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Senate offer: no craps and roulette, referendums on blackjack

The Senate gambling negotiators made a beefy offer to its House counterparts late Wednesday:

* No more craps and roulette for the Seminole Tribe, as had been the offer in its original bill.

* Only limited gambling for Brighton, Immokalee and Big Cypress facilities -- with a definition as to what that means to come.

* $500 million in upfront cash for the first year; with the revenue declining to $400 million minimum in the second year and $250 million minimum for the remaining 23 years.

* Broward and Miami-Dade parimutuels could seek a voter referendum to get black jack at their cardrooms and pay $25 million to operate the games.

* Parimutuels outside of Miami-Dade and Broward could get slot machines if they get a county referendum and pay a $3 million license fee. If they don't seek slot machines, they can obtain a historic racing games.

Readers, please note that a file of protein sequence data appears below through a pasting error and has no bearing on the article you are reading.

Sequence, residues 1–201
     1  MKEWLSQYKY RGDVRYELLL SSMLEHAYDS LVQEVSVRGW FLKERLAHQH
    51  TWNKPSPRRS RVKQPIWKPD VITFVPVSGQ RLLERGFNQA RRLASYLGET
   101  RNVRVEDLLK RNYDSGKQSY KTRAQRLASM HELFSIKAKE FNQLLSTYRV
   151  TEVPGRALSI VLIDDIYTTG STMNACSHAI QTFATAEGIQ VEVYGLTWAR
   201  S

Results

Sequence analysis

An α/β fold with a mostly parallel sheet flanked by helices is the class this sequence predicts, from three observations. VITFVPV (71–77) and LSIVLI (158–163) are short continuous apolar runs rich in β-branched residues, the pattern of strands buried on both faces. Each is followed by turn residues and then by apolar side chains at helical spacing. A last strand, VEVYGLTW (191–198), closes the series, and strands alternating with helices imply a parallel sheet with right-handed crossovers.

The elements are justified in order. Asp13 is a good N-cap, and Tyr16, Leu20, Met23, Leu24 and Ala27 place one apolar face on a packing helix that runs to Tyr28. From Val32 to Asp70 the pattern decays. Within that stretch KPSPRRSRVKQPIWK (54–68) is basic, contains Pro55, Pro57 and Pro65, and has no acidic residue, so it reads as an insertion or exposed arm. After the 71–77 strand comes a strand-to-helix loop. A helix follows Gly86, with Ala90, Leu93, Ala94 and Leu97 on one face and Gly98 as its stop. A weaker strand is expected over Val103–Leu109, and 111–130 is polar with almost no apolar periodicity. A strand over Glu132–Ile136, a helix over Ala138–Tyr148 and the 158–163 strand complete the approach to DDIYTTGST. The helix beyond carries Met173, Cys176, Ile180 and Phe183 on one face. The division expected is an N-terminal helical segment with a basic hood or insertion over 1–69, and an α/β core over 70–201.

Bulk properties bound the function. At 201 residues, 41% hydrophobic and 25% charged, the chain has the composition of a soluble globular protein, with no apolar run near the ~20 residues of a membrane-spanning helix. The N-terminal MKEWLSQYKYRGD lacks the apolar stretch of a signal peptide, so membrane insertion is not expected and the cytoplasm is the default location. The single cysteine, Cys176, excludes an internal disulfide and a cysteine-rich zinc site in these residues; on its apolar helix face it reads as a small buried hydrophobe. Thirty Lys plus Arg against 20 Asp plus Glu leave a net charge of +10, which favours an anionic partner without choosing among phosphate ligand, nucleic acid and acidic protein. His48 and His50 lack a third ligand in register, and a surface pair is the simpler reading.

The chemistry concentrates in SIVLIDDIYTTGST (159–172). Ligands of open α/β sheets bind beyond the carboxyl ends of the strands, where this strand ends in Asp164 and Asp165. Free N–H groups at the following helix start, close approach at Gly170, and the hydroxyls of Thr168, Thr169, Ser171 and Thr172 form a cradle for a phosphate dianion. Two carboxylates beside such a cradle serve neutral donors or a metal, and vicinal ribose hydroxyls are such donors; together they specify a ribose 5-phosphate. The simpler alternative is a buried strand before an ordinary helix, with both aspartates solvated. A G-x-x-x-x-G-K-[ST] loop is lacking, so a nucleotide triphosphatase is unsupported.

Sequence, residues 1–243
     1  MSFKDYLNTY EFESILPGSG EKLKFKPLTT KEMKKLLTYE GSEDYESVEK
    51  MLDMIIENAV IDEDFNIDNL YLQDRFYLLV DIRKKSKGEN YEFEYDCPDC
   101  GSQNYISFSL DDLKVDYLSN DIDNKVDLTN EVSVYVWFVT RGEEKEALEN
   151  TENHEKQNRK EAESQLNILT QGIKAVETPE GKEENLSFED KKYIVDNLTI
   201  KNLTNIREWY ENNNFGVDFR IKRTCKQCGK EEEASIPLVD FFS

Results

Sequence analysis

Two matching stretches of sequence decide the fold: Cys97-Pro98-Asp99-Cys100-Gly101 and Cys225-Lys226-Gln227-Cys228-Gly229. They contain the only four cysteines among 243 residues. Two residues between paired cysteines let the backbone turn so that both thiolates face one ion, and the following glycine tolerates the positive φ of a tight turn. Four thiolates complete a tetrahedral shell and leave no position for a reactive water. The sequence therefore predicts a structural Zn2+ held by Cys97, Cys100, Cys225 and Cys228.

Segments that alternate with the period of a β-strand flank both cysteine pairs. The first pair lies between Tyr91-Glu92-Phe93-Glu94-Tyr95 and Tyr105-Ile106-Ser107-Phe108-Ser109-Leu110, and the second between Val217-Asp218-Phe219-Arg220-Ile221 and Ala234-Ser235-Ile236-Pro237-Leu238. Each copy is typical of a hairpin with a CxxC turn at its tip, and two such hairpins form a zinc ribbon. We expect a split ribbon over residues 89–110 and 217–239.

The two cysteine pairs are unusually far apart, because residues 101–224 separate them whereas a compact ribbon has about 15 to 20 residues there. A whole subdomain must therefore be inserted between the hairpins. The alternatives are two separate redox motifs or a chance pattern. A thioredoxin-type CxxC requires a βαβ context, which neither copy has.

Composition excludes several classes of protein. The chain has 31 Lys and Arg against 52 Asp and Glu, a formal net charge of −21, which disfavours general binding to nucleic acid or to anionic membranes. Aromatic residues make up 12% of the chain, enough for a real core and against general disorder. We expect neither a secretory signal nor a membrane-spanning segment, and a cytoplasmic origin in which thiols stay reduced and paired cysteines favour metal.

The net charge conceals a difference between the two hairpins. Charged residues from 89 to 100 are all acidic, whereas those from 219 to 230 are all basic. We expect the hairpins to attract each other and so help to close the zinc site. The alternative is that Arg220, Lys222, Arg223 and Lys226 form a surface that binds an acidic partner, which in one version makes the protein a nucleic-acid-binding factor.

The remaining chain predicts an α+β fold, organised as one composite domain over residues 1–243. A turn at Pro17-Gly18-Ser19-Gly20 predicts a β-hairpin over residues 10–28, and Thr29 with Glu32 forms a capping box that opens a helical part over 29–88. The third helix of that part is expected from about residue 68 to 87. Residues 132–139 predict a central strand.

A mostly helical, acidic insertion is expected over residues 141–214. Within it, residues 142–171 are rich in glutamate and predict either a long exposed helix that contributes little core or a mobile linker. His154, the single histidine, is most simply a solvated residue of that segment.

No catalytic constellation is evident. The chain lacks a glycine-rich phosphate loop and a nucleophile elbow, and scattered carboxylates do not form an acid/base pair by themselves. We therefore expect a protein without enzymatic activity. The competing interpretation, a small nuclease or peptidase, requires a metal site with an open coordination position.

* Gambling age is raised to 21.

"It's seems you have made a good faith start to our negotiation,'' said Rep. Bill Galvano, the lead House negotiator. "I understand the general direction which you're going.''

He said that the authorization of slot machines "jumped out at me'' as something that will be an issue for the House but the notion that voters could have a say through a referendum was a good idea.

"Referendums on tough issues are always more palatable. That's just a given,'' he said. "You can always say you're shifting a decision to voters.'

Galvano noted that the Seminoles may have trouble accepting some of the provisions in the offer, however.

"That's what makes this issue so difficult,'' he said. "Whatever we agree to is nothing more than an agreement to agree. Until we get the third party agreed, then it's not enforceable.''